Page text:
Texas Book Festival 2019:
They’re Playing My Song

Andrea Lawlor and Karen Tongson on music's doorway to self-discovery

Young people often find out who they are by sitting in their room, alone, listening to music. Each song played, sometimes on constant repeat, provides a portal into potential identity, for none more than LGBTQ people. At least that was the position on They’re Playing My Song: Pop Music and Queer Identity, with Andrea Lawlor and Karen Tongson.

Andrea Lawlor (l) and Karen Tongson (Photo by David Brendan Hall)

Tongson opened the gathering by reading from her 2019 book Why Karen Carpenter Matters, a combination biography of the late singer and Tongson’s memoir. A strange connection between the two Karens began when Tongson, the daughter of Filipino musicians, was named for Carpenter, and followed Tongson even after she immigrated to America. The author said she used pop music then as a hoped-for bridge to assimilating with her peers; but due to her musical choices, which revolved around her love for soft pop like Air Supply and Carpenter, in the end, she only succeeded in alienating herself still further.

Lawlor then read from their novel, Paul Takes the Form of a Mortal Girl. The book, as described by its author, is about a queer shapeshifter who can change his body at will. When the protagonist falls in love with a lesbian in Iowa City, he attempts to morph into a lesbian, too, wooing the girl with the time-honored tradition of a well-made mix tape. As in the novel High Fidelity, the section that Lawlor read tried to capture that alchemical approach to communication – how much to say of one’s feelings and to reveal of one’s true intentions – through the art of song selection.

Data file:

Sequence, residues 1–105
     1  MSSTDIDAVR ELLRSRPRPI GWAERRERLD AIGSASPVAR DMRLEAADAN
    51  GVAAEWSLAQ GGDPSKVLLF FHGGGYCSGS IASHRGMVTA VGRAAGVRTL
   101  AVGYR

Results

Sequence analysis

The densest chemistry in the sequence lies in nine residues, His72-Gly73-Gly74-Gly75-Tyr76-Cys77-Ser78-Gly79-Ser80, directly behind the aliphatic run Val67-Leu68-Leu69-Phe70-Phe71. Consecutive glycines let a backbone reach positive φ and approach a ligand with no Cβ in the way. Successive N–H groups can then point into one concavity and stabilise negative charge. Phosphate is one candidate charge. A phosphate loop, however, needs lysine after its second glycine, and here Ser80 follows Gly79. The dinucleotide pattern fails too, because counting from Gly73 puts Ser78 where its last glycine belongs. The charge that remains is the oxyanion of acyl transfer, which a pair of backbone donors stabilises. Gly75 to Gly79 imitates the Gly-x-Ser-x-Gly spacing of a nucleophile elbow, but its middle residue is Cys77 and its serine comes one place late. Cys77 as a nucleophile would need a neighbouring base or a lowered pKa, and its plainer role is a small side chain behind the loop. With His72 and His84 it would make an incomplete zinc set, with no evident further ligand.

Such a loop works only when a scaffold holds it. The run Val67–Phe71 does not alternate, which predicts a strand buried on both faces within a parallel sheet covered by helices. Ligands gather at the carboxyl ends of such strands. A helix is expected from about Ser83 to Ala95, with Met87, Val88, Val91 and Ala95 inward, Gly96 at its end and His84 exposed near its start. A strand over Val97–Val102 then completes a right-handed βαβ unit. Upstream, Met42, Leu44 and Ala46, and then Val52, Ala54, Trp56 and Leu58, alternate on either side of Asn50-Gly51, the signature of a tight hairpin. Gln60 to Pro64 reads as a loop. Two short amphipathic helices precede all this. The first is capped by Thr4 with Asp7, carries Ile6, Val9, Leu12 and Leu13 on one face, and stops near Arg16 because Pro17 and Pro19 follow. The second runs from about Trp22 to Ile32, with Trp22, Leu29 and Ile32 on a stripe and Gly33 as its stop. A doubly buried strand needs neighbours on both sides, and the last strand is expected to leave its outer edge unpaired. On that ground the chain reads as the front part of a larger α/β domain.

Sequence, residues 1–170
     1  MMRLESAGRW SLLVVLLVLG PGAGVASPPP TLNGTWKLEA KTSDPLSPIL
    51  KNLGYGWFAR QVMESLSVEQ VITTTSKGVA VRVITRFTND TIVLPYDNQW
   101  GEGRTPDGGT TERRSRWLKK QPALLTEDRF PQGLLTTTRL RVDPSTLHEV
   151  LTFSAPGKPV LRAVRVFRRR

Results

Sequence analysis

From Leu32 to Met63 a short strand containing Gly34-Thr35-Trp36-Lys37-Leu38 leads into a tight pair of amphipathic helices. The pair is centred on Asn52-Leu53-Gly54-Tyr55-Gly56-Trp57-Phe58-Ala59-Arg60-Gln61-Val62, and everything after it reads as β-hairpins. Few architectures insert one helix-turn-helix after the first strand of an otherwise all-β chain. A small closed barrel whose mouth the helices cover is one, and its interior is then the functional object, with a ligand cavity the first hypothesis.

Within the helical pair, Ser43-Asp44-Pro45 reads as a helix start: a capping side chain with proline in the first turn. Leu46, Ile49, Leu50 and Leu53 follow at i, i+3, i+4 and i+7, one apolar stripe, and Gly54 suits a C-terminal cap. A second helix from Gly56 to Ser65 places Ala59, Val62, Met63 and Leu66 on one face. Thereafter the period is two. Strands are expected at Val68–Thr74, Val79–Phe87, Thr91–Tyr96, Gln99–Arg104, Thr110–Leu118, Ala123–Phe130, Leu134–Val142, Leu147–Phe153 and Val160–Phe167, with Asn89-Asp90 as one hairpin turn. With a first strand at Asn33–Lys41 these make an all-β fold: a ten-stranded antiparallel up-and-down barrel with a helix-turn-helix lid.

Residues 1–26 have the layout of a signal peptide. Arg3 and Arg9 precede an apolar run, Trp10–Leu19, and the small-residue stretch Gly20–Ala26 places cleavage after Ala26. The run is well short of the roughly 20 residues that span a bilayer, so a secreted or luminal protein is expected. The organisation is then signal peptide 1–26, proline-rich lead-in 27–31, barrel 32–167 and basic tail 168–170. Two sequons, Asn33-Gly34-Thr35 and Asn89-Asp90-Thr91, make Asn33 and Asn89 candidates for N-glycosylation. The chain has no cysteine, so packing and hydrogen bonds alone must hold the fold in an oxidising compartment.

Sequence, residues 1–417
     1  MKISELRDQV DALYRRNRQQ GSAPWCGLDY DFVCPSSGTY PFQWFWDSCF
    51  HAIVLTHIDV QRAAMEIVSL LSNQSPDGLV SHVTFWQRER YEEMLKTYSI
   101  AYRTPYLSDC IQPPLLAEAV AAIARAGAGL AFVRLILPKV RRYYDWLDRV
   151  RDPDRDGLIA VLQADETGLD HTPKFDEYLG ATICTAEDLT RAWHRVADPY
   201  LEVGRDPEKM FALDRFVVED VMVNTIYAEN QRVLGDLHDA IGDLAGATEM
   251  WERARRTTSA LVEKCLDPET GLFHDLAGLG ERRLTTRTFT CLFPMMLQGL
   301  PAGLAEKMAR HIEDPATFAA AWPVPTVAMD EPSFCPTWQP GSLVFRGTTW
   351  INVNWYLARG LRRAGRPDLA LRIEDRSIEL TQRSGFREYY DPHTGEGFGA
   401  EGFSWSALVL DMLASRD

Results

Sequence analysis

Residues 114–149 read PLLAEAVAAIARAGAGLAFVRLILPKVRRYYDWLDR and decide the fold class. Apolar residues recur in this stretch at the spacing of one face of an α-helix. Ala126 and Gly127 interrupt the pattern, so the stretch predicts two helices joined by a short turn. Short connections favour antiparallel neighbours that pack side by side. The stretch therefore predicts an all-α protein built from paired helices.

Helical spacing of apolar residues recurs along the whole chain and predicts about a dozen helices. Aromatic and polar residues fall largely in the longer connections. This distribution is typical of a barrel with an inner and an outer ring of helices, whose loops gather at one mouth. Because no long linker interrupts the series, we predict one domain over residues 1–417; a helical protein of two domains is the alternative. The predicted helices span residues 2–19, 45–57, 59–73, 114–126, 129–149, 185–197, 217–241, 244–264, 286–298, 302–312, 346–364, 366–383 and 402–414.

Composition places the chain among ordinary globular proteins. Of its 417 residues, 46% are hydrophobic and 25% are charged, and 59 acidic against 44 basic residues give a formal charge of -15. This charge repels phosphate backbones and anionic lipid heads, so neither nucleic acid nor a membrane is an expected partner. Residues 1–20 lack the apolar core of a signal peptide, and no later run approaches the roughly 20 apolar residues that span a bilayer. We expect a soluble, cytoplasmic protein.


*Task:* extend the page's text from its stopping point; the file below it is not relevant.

In the dialogue that followed, both authors agreed that, for them, coded music, rather than anthemic, “on-the-nose” songs like “Born This Way” or “Same Love,” succeeded in better capturing the queer experience. Tongson shared, “There’s a sense of crackle pop-iness in certain music that just feels gay, and I don’t need a song to say, 'It gets better.’” The session was lively with humor and insight in a way that only a room full of queers (and those who love them) can be. Attendees discussed Eighties music, cassettes versus streaming, and the magic of libraries as places queers (and everyone else) have the space and resources to discover who they are.

Whether it’s George Michael or Tegan and Sara playing on your iPhone or old-school turntable, music as a doorway to self-discovery just can’t be denied.

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KEYWORDS FOR THIS POST

Texas Book Festival, Texas Book Festival 2019, literary fiction, memoir, Andrea Lawlor, Karen Tongson

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